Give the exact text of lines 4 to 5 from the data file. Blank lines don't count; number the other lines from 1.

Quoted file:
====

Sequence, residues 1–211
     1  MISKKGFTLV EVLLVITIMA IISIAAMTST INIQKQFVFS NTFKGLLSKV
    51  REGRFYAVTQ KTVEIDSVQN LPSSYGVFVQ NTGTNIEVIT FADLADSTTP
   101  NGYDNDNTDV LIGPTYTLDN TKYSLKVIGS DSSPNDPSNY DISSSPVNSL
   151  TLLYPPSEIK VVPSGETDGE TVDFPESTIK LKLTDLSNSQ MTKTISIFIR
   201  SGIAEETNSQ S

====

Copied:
   101  NGYDNDNTDV LIGPTYTLDN TKYSLKVIGS DSSPNDPSNY DISSSPVNSL
   151  TLLYPPSEIK VVPSGETDGE TVDFPESTIK LKLTDLSNSQ MTKTISIFIR